Growing up, everyone always thought I looked young. And cute. No matter how much I tried to look and act older, everyone saw me as a little girl. I got my first job when I was a senior in high school, and I was eighteen-years-old. One of my first days, I had a patient ask me why I was working and if she needed to call the police. Apparently, she thought that my employers were breaking some of the child labor laws by having me serve food. It probably didn't help that the aprons issued to me were too big and I had to wrap them around my waist twice to get them to stay on.
|Me at 18|
My first job as a nurse, most of the patients and the staff didn't think I was old enough to have a degree. In fact, I earned the nickname of 'the kid' quite early on in my career.
Recently, I've had this happen less and less. My ever-loving and honest husband told me the other day that I can no longer pass for a teenager. Which, considering I'm close to thirty, is probably a good thing. But that doesn't mean that I don't still have those patients who ask how old I am, just to make sure that I'm old enough to have a degree.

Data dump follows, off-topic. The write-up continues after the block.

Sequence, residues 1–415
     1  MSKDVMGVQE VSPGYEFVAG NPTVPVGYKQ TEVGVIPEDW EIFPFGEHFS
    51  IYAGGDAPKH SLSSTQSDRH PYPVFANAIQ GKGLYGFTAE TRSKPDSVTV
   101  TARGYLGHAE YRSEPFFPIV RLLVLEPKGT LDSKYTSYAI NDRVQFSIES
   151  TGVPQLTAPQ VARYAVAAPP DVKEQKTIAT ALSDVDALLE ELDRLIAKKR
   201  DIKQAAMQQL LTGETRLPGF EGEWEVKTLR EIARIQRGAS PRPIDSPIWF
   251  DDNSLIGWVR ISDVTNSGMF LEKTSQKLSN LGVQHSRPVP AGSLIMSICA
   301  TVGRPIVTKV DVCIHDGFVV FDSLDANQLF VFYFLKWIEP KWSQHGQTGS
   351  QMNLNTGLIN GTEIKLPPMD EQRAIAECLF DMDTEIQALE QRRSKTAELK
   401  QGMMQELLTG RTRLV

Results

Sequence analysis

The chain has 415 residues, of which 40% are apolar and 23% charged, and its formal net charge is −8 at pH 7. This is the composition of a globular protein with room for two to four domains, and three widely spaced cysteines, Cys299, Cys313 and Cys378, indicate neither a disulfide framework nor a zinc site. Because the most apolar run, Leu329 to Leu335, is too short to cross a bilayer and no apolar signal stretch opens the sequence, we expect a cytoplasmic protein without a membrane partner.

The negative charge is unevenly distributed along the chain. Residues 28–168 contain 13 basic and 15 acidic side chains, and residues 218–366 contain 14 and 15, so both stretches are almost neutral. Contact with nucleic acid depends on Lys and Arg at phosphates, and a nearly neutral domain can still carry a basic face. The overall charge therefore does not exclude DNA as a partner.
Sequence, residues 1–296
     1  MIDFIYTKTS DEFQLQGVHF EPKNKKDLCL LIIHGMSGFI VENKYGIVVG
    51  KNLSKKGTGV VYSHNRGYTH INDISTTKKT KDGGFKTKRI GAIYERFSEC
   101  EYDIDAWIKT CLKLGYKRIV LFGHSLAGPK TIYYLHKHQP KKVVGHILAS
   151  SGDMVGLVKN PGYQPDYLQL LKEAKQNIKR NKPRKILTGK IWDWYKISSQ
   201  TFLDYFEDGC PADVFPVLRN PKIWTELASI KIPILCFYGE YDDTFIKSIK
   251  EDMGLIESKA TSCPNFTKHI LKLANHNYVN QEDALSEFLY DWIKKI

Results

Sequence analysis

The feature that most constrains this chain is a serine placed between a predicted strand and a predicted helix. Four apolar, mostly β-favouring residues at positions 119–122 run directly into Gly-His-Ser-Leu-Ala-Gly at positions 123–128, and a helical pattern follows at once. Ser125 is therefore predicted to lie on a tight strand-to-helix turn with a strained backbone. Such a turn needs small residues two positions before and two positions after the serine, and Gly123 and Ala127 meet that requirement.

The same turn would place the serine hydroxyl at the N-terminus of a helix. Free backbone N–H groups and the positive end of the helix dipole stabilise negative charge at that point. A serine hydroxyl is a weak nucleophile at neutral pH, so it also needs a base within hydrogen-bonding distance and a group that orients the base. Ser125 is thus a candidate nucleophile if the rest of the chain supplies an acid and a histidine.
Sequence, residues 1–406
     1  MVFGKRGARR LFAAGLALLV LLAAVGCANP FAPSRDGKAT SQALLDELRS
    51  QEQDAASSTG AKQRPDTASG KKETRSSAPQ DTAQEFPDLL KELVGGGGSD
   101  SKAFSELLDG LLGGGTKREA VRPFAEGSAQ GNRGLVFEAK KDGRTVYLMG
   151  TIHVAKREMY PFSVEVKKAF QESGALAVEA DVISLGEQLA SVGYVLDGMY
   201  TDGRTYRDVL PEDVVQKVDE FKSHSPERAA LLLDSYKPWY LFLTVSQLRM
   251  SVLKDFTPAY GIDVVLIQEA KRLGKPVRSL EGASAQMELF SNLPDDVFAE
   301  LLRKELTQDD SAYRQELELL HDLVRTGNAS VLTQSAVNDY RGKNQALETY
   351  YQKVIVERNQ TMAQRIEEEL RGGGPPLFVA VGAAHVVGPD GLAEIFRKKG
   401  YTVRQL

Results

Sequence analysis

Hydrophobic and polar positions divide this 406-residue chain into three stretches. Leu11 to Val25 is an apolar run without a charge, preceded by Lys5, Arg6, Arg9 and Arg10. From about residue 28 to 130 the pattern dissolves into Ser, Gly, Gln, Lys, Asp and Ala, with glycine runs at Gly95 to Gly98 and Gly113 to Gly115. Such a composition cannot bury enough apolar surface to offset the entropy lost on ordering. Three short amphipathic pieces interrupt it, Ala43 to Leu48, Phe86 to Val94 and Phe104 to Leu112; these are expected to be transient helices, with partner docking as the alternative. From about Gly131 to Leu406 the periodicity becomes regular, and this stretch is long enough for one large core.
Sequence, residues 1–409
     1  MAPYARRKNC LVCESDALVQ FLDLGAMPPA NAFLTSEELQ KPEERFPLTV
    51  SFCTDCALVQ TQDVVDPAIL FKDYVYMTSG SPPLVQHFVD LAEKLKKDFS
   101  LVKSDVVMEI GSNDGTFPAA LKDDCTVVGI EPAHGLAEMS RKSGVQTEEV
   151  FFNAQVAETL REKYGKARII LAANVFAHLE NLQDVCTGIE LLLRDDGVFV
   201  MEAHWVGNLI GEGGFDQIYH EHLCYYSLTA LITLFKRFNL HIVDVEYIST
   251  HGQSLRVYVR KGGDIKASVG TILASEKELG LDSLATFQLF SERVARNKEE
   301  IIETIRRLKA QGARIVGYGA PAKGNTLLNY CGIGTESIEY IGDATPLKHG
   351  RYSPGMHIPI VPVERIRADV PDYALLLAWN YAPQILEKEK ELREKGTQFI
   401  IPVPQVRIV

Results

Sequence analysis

I recently was on the other side of the situation, when my friend and I were passing out flyers for our writers conference. We stopped by a Chinese restaurant in town and asked the girls working there if we could hang up the fliers. They were both very cute, and as we were leaving, I happened to mention to my friend that neither of them looked old enough to be working there.
All of a sudden, I understood all of the comments that I'd received over my life, the ones commenting on how young I look. I know that in the long run, I'll be grateful that I look young, but for now, there are days when I'd rather look old enough I don't get carded when I need to buy superglue.